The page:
If the VOA doesn’t agree the alternative rating list entry proposed, they will provide, as soon as practicable, tailored information and evidence that responds fully to the evidence and alternative rating list entry provided by the ratepayer. This, along with information available at Revaluation 2017, should mean ratepayers have access to much more information, much earlier in the process.

During the Challenge stage, the ratepayer will have opportunity to respond to any information and evidence that is put forward by the VOA.

  1. The statutory right for ratepayers to move from Challenge to Appeal to the VTE will stay at 18 months. The Government say this is not a time limit or a target for resolving cases, but to offer protection to ratepayers to move to Appeal in the cases where the VOA might not have completed consideration of the issues.  The Government and the VOA expects the bulk of cases to be resolved before this point.

Ratepayers may however agree to extend the time for VOA to consider their Challenge beyond the 18 month trigger point.

If an agreement has not been reached between the parties during the Challenge stage, the VOA will issue a decision letter setting out a summary of their decisions on outstanding matters, with the reasons for their decision.  This will formally end the Challenge stage and the ratepayer will have 4 months to lodge an appeal against the VOA’s decision should they wish to do so.

In order to provide an incentive for full disclosure by both parties at the Challenge stage the Government will limit the scope for parties to introduce new matters or evidence at Appeal.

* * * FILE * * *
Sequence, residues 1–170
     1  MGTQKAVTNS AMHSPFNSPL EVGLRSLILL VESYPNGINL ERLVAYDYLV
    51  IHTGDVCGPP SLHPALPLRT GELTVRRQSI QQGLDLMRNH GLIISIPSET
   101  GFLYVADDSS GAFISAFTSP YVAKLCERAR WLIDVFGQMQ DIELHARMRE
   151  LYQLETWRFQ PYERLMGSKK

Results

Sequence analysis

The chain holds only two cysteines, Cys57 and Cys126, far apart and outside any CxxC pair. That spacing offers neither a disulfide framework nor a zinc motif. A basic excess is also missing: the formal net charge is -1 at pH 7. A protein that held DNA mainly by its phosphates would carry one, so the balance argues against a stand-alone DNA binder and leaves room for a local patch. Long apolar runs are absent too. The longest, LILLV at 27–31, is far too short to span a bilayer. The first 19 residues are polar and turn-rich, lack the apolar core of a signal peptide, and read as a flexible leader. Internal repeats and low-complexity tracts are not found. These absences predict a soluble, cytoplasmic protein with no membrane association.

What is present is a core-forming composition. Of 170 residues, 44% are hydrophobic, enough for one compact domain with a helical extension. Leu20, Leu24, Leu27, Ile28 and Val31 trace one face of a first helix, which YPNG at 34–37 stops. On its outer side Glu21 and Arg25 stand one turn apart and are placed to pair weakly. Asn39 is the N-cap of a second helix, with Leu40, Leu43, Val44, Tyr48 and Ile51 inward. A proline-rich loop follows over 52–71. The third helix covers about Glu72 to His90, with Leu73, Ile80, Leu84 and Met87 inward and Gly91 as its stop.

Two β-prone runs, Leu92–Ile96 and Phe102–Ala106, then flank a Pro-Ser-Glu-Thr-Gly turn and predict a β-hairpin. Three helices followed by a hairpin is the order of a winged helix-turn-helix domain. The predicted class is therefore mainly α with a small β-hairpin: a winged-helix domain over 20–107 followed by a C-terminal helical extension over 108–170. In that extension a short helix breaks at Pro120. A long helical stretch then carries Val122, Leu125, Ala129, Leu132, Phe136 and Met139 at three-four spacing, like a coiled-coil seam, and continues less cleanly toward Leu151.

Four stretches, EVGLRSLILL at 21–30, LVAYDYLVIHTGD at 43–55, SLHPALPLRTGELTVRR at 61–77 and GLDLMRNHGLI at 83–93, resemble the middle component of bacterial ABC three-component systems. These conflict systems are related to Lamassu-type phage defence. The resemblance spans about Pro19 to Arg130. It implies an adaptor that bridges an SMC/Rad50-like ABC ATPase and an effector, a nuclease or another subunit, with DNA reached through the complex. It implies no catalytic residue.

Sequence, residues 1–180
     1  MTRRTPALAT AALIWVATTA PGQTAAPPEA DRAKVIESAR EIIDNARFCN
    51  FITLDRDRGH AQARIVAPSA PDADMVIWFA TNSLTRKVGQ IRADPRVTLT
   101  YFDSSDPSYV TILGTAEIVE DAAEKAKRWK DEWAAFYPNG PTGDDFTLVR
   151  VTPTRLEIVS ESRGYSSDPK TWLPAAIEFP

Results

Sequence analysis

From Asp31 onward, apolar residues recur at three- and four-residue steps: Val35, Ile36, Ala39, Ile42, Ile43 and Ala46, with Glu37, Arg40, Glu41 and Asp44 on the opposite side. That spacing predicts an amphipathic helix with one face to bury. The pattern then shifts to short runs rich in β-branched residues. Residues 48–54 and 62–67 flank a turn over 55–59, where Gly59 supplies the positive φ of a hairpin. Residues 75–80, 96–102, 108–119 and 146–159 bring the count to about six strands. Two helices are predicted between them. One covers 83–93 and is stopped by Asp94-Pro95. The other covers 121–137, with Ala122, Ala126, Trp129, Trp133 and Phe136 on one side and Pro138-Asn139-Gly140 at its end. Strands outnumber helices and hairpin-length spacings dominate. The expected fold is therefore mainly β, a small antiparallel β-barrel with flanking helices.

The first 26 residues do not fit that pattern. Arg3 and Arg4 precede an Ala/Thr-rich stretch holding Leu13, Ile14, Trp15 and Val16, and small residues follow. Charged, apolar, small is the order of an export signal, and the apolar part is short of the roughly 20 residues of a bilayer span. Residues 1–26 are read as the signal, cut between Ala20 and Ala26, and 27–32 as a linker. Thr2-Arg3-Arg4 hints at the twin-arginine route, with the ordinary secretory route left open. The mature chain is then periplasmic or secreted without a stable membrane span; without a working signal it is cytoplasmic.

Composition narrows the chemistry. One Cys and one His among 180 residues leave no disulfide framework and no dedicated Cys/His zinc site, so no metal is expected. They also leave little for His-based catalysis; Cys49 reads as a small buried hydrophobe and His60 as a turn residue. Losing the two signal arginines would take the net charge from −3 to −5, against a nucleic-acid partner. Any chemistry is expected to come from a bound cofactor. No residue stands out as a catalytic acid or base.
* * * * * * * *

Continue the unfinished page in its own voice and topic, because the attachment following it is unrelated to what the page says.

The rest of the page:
1. There will be no charges at Check or Challenge stage, but ratepayers will be charged fees at the Appeals stage.
  2. Where an appeal is successful the full fee will be refunded.  A proposed maximum fee will be £300 and aims to increase the incentive for early and full engagement as well as reduced numbers of speculative appeals.
  3. Penalties of up to £500 may be imposed where false information is “carelessly, recklessly or knowingly provided” during the Check or Challenge stages, with a right of appeal to VTE.

The DCLG says small businesses will benefit from:

  • A fast track through the system
  • Clear guidance which will help them navigate the system without professional support
  • Lower levels of fees for making an appeal, which will be refunded if successful
  • Lower levels of civil penalties for provision of false information.

The definition of ‘small businesses’ will be broadly aligned with that in the Companies Act 2006, namely those where two of the following apply – annual income or expenditure of not more than £10.2m, aggregate assets of not more than £5.1m, and not more than 50 employees.

  1. Finally, in response to proposals from business groups, the VOA will work with stakeholders to design and introduce a pre-Challenge clearance process. This will allow groups of ratepayers in the same location – such as a high street or industrial estate – to provide the VOA with evidence outside the formal Challenge process regarding valuations in their area.

That’s it in a rather large nutshell. I will be watching closely over the coming months to see how the new appeals systems emerges and report back, which means you can go on and have an actual life!